Improvements in turbine design and more efficient blade profiles and materials have resulted in less sound output per unit of energy produced compared to older turbines, but current turbines, being much larger, still produce considerable amounts of sound energy. Unfortunately, the factors that have resulted in less noise per unit energy have been used to justify closer placement of turbines to human residences. It is not unheard of in the UK and North America to find turbines sited within 250m of homes. With the increasing number of installations close to housing, many anecdotal reports from around the world began accumulating early in the last decade of adverse health effects of remarkable similarity from many differing locales worldwide.
In Maine, the towns of Mars Hill and Vinalhaven underwent the installation of IWTs in 2009. These towns were the source of multiple complaints of adverse health effects of IWTs that were reported in the local media. Over the last 6 years, I developed an interest in and researched issues relating to the human response to noise arising from Industrial Wind Turbines, beginning with the complaints heard from Mars Hill (about 90 miles from where I live), and the announced objectives of the then-Baldacci Administration to install 3000MW of IWT generation within Maine by 2020. If the problems at Mars Hill were real and not understood or acknowledged by the Maine DEP, with steps taken to prevent adverse effects that may be occurring, this project by implication risked creating over a hundred more Mars Hill type situations state-wide.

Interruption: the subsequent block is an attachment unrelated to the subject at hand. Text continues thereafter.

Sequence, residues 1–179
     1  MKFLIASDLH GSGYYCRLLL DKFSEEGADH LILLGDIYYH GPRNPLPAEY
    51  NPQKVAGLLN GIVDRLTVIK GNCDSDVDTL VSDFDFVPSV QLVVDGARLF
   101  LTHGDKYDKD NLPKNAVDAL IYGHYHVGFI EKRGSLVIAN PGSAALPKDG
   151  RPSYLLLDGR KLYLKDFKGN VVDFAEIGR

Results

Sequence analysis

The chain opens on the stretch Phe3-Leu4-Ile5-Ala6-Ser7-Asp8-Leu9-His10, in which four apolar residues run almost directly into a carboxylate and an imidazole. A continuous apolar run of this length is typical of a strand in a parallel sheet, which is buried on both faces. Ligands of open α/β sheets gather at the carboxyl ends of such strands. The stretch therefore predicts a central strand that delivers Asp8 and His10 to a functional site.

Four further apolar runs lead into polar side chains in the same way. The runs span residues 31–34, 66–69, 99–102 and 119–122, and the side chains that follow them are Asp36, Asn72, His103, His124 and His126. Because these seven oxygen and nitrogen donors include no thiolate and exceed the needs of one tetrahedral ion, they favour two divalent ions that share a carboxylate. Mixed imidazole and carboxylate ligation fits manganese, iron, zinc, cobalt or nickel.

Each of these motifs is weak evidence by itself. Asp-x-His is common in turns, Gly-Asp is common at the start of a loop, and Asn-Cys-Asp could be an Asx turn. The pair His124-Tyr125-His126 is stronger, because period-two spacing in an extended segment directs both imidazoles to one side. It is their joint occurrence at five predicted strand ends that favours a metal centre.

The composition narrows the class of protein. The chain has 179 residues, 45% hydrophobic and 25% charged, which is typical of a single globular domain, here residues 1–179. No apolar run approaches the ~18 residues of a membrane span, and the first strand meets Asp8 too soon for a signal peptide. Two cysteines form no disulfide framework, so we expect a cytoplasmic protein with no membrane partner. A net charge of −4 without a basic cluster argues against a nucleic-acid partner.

Jeffery Aramini, Christopher Hanning and I published a study in the journal Noise and Health in late 2012 (Effects of Industrial Wind Turbine Noise on Sleep And Health, Noise & Health, September-October 2012, Volume 14:60, 237-43).This was the first published study of adverse health effects associated with IWT’s that used a control group and well accepted, previously validated, medical investigative tools targeted at the most common, and arguably most serious, of the commonly reported adverse health effects: sleep disorders and deteriorated mental health.
Questionnaires incorporating standardized, validated tools were administered to 79 subjects living between 375 and 6600 meters from industrial wind turbines (IWTs) at both Mars Hill, and Vinalhaven, Maine. Sleep quality (Pittsburgh Sleep Quality Index – PSQI), daytime sleepiness (Epworth Sleepiness Score – ESS) and general health (SF36v2) were assessed. Functional inquiry and before and after type questions were asked as well, utilizing Likert scales.
Subjects living within 375-1400m (n=38, the ‘near’ group) were compared with those living 3.3-6.6km from IWTs (n=41, the ‘far’ group). Those living within 1.4km had significantly worse sleep (assessed by Pittsburgh Sleep Quality Index (PSQI)), were significantly sleepier during the day (assessed by Epworth Sleep Scale (ESS)) and had significantly worse SF-36v2 Mental Component Scores. Significant dose response relationships between PSQI, ESS, SF36 Mental Component Score and distance to nearest IWT were identified after controlling for gender, age and household clustering. There were no significant differences between the two sites.